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Thread: Cleaning gear after Black Zebra Mussel exposure


  1. #1

    Has not set a "status"

    Join Date
    Jun 2013
    25 - 49

    Cleaning gear after Black Zebra Mussel exposure

    There are two sites I really would like to dive that both have Black Zebra Mussels. Up to this point the idea of cleaning all my gear has discouraged me from diving these sites. But the visibility and shallow depth of my usual dive site has me considering the other sites.

    So any helpful hints as to how to clean gear well enough that I can go back into a non-infested body of fresh water without concern? And without missing 2-3 weeks of diving? Season here can be a bit short.

    Happy Bubbles- today and always!

  2. #2

    Has not set a "status"

    Join Date
    Jun 2006
    Westminster, MD
    50 - 99
    Looks like soaking it hot water is the recommended method:


    Diving gear is a well-proven means of spreading invasive species, including quagga and zebramussels. Divers swim in ideal mussel habitat and easily pick up larvae and juveniles. Thoroughly wash
    everything inside and out to remove dirt, plants and other visible substances. This includes masks,
    wetsuits, booties and gloves. Also wash air tanks, air lines, regulators, and flippers. Finally, soak all
    equipment in a bucket or bathtub full of hot water from your house. Allow sufficient soaking time for
    all components to reach the water temperature. Repeat the soak with fresh hot water. Completely dry
    all equipment, ideally in sunlight. (Remember, it’s worth it.)
    Dive shops might consider providing dip tanks filled with safe mussel-killing solutions. See the
    description above, “Internal ballast tank systems in water ski boats.” Individual divers might also
    use such solutions instead of hot water.
    Chlorine also is mentioned as being effective. Plan a trip to the pull with your gear?

    The "solution" mentioned above is Potassium Chloride:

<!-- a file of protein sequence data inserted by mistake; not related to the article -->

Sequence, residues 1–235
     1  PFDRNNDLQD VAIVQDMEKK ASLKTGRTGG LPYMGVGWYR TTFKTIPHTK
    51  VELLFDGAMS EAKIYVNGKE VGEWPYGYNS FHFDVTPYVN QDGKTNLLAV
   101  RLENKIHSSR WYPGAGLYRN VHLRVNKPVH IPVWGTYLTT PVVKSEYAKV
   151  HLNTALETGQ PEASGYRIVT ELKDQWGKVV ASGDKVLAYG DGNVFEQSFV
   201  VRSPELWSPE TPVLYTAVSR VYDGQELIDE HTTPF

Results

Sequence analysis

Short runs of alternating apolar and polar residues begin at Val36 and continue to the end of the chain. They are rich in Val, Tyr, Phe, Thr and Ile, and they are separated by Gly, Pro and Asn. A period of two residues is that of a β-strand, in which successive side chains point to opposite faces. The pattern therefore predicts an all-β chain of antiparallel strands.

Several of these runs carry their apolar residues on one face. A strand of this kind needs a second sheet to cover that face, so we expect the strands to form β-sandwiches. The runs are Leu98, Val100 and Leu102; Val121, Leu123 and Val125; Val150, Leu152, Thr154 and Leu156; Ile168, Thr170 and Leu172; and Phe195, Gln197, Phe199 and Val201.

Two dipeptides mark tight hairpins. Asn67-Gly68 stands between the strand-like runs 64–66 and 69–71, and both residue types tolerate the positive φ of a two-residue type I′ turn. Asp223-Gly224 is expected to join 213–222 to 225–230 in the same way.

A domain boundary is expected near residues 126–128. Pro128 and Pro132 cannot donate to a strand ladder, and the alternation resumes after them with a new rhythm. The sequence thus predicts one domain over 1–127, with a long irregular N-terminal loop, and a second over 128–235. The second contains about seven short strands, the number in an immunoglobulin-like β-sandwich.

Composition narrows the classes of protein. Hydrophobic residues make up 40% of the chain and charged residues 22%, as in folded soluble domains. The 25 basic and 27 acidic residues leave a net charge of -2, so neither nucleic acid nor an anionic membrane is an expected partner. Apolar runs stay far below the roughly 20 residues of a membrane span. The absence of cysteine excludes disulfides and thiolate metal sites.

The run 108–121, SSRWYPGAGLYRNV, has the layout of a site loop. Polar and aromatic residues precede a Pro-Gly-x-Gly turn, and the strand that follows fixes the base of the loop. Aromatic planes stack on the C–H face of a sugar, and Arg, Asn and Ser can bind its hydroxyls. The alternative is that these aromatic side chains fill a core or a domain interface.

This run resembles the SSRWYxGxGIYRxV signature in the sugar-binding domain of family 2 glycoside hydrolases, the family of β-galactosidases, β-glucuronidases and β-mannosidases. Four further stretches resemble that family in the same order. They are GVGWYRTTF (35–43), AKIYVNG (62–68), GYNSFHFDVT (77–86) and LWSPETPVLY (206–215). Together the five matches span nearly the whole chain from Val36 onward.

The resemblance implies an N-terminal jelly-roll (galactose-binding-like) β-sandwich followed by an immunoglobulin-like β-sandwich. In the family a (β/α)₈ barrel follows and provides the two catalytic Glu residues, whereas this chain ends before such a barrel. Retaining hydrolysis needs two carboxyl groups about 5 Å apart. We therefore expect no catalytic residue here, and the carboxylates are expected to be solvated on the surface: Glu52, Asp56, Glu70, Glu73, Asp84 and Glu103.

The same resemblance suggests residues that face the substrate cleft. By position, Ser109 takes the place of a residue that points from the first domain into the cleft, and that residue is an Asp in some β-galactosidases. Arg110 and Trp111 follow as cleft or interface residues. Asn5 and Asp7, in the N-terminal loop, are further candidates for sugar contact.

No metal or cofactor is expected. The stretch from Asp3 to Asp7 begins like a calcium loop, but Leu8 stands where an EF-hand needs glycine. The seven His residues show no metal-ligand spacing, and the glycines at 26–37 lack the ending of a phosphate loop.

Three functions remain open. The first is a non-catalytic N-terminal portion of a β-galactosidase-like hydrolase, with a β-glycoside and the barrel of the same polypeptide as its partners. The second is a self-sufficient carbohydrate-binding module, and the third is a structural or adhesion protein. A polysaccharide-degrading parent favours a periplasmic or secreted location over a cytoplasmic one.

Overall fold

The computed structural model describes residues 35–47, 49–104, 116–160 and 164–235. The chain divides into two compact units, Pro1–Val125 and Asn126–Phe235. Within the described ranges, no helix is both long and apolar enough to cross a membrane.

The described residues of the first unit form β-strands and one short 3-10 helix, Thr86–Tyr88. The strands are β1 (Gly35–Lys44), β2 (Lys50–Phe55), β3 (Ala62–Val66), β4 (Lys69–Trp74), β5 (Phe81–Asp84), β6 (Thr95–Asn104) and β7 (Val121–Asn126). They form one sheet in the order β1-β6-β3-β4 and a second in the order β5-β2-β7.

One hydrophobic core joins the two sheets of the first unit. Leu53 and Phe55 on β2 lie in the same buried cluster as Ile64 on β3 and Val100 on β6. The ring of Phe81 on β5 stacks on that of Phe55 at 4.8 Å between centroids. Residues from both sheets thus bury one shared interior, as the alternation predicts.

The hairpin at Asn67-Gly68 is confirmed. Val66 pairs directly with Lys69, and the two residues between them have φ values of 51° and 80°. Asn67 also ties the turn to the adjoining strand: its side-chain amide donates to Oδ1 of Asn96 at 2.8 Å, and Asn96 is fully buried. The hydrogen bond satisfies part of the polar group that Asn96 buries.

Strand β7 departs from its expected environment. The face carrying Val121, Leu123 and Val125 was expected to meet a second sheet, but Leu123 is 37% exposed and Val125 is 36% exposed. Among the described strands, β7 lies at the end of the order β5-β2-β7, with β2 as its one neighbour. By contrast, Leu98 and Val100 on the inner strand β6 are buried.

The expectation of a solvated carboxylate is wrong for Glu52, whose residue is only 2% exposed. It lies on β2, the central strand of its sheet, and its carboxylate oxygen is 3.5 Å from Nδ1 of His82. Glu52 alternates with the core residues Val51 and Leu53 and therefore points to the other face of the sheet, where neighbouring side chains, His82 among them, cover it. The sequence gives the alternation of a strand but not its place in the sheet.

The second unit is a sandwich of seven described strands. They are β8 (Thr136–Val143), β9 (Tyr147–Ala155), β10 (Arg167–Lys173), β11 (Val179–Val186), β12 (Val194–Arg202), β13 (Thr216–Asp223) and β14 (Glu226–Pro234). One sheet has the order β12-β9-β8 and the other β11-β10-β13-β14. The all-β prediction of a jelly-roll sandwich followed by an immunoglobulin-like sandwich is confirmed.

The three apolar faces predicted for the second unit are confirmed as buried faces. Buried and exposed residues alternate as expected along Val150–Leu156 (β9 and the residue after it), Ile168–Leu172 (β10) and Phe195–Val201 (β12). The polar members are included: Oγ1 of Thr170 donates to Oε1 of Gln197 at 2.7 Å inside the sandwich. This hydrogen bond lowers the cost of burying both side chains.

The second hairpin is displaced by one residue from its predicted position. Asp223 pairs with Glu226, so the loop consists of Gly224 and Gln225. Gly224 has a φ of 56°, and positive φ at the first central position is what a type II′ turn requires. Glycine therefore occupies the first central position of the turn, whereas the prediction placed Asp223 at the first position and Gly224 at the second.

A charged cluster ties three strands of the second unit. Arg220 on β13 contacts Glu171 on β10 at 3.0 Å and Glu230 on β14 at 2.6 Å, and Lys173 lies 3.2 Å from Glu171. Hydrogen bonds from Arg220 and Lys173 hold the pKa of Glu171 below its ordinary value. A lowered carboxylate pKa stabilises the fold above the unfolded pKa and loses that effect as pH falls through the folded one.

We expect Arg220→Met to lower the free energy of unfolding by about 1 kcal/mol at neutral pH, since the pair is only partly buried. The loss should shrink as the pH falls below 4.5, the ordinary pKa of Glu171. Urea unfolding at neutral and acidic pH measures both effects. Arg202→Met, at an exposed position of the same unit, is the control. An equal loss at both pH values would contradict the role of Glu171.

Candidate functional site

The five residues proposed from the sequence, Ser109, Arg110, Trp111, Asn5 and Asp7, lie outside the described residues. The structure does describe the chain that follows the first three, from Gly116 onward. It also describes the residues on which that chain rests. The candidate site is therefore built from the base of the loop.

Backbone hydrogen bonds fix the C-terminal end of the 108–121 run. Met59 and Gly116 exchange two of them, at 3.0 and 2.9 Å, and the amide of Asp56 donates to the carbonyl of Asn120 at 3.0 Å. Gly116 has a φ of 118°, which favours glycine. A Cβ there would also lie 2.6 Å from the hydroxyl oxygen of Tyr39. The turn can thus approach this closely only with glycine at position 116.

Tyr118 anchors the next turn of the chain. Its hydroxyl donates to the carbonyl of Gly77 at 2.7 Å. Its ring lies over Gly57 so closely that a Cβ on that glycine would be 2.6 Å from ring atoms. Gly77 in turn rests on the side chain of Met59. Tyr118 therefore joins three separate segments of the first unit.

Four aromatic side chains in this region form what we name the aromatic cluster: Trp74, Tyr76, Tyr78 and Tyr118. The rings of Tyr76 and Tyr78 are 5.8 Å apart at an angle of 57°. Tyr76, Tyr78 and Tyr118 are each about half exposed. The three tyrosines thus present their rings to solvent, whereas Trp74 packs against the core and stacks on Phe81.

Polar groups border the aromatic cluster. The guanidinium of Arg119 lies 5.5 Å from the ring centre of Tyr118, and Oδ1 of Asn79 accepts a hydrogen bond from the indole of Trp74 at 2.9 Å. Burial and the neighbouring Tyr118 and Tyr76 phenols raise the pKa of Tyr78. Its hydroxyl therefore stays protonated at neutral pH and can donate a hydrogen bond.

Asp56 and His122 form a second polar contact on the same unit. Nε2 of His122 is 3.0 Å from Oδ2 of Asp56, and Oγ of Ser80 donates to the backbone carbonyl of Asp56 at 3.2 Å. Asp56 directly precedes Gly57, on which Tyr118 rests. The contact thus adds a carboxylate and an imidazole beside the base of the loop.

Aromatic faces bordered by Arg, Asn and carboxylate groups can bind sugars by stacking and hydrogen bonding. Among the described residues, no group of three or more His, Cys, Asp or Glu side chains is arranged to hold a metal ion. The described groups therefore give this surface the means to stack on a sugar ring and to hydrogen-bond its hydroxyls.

An effective mussel-killing solution — for each ballast tank — is two gallons of a 200 parts per million(ppm) solution of potassium chloride (KCL). Despite the fact that it will kill mussels, this solution is
    harmless to humans and to the environment. It also has extremely low corrosion characteristics and has
    been used in the oil well drilling industry for decades due to these characteristics A chloride
    concentration of 250 ppm is allowable for drinking water and the solution is below that level.
    Potassium chloride salt crystals are used in water softener systems; people drink and bath in such


    Potassium chloride (KCL) solutions in concentrations of 200 ppm can be made by thoroughly mixing
    one teaspoon of dry KCL salt crystals in two gallons of water. KCL salt crystals are available at stores
    such as Home Depot and water softener suppliers. Morton Salt Company offers KCL in 40-pound
    bags.Do NOT use any other kind of salt or solution.
    Finally "hot and dry" is indicated as killing them. Air everything out in a warm location.
    http://hydesquarry.com <- Our local place to look at wet rocks.

  3. #3

    Has not set a "status"

    Join Date
    Jun 2013
    25 - 49
    Thank you for the information.

    We have a large dip/soak tank so hot water and KCl sounds like the way to go along with drying in the sun.

    I appreciate the help.

    Happy Bubbles- today and always!

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